Bradley Named Head of Kling Center for Proton Therapy

Contact:
Gwen Ericson
ericsong@wustl.edu
314-286-0141

June 5, 2008 – Jeffrey Bradley, MD, associate professor of radiation oncology, has been named the first director of the Kling Center for Proton Therapy, a facility for treating cancer patients with a new, highly precise form of radiation therapy. The center is scheduled to open in the next few years at the Siteman Cancer Center at Barnes-Jewish Hospital and Washington University School of Medicine.

Bradley specializes in treating lung and esophageal cancer. He is an international expert in the application of stereotactic body radiation therapy (SBRT), which delivers a tightly focused high radiation dose to a small area. Bradley is also known internationally for breakthroughs in using positron emission tomography (PET) scanning to enhance radiation therapy treatment planning.

"Dr. Bradley's experience and leadership in highly conformal radiation therapies such as 3-D conformal and stereotactic body radiation therapy make him uniquely qualified to oversee the research, development and operations of the Kling Center for Proton Therapy," says professor Jeff Michalski, MD, interim head of the Department of Radiation Oncology at Washington University.

The treatment center is named for S. Lee Kling, a director of National Beverage Corp. since 1993. He has served as chairman of the board of the Kling Co., a merchant banking company, since 2002 and is on the board of directors at Barnes-Jewish Hospital. Kling led a fund-raising effort that obtained $2.3 million to fund research and use of the proton facility. He became interested in proton beam radiation when the therapy was used to eradicate a tumor in his eye.

The Kling Center will be the first single-vault proton therapy center in the country, and the equipment will be assembled and given its first trial at Siteman. The United States has five larger-scale proton therapy centers, but this new streamlined version, developed by Still Rivers Systems, costs about one-fifth the $100 million or greater price tag of the older type of proton therapy center and can fit in a much smaller area. Still River Systems is based in Littleton, Mass.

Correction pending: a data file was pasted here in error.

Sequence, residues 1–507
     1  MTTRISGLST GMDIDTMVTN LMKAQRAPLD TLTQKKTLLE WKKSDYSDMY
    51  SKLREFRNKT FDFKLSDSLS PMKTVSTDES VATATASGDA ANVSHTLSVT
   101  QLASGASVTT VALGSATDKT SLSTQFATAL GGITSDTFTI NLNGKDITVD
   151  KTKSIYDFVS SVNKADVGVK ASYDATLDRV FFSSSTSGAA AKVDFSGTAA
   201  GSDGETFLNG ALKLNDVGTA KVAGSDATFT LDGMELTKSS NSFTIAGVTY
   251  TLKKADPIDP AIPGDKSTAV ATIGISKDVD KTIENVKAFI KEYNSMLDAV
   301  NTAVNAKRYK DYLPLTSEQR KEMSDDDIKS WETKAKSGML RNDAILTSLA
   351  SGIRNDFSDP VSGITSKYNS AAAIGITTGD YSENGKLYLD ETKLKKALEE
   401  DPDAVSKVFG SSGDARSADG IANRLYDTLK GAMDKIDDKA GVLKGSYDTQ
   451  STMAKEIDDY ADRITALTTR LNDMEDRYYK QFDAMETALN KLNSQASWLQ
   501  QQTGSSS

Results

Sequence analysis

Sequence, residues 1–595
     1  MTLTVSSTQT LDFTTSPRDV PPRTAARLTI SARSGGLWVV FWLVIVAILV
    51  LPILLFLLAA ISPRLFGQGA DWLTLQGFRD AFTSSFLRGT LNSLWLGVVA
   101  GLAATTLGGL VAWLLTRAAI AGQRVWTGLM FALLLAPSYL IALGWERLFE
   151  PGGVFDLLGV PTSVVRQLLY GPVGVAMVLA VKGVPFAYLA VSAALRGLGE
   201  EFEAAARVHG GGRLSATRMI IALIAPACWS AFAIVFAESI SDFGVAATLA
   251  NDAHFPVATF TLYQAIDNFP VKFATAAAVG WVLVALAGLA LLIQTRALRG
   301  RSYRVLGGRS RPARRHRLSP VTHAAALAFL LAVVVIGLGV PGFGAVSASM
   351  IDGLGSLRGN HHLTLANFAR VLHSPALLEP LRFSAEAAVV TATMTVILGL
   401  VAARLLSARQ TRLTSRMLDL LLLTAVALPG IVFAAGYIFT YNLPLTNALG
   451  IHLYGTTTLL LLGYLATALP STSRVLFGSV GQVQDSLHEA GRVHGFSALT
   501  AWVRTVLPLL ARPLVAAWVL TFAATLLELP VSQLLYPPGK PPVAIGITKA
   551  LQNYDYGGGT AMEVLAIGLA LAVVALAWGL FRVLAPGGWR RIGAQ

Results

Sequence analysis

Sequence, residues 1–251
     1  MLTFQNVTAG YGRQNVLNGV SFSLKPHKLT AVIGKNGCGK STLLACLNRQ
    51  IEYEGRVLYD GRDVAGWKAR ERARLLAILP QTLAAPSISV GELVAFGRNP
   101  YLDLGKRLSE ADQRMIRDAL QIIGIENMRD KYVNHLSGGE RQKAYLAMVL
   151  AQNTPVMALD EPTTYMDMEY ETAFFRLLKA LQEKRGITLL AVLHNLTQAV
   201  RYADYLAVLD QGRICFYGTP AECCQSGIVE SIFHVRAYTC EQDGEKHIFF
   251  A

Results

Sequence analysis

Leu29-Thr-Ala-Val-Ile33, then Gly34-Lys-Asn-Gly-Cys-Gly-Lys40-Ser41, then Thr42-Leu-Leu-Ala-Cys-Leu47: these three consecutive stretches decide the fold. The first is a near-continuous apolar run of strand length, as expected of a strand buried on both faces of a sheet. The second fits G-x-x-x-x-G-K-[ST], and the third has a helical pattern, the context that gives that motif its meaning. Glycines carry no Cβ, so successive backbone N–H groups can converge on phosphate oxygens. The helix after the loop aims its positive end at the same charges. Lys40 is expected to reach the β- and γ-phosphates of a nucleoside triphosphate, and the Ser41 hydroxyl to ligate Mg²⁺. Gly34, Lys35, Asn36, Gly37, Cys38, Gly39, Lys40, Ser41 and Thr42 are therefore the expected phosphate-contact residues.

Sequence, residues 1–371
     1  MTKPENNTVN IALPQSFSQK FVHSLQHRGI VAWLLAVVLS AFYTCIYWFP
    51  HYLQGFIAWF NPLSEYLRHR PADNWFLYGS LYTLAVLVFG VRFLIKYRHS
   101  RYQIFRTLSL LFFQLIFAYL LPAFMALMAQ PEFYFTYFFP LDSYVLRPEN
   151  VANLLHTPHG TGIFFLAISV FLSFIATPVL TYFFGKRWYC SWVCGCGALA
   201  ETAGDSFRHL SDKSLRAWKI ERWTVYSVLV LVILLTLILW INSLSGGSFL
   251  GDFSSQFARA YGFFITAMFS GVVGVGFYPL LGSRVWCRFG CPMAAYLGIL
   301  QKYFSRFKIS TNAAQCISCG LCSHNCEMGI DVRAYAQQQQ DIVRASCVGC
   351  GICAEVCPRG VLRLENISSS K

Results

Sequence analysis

The facility will be located across the street from the Center for Advanced Medicine at the southeast corner of Euclid and Forest Park avenues. A ground-level "storefront" on Euclid will provide patients entrance to the facility.

The proton beam device emits positively charged atomic particles. As the protons travel through tissue, they release most of their energy in a concentrated burst near the end of their range, which allows the power of the proton beam to be focused extremely precisely and spares surrounding structures.

Proton beam therapy is especially suitable for childhood cancers and cancers that occur in close proximity to critical tissues such as the brain, eye or spinal cord. In addition, some types of bone and cartilage cancers don't respond well to X-ray beam radiation but respond to proton beam radiation.

"It's very exciting for the whole region to be able to offer proton beam radiation therapy," Bradley says. "It gives us another option for treating cancers so that we can ensure we have the best solution for each patient. Children are an ideal group to use the proton therapy because X-ray beam radiation therapy can potentially affect their growth or lead to secondary cancers later in life."

In many cases, X-ray beam radiation therapy applied through newer techniques such as intensity modulation, in which the radiation dose is designed to conform to the three-dimensional shape of the tumor, can give as good or better results than proton beam radiation therapy. But the proton therapy center will be valuable for treating those patients who can specifically benefit from it.

Bradley has been a faculty member at Washington University since August 1998. He earned his medical degree from the University of Arkansas in 1993. He completed an internship at Northwestern University and a residency in radiation oncology at the University of Chicago. He received an ASTRO Basic Science Research Fellowship Award in 1997, a Radiation Oncology Teacher of the Year award in 1999 and a European Society of Therapeutic Radiology and Oncology Young Investigator Travel Award in 2001. He has published numerous research articles on methods of radiation treatment for cancer.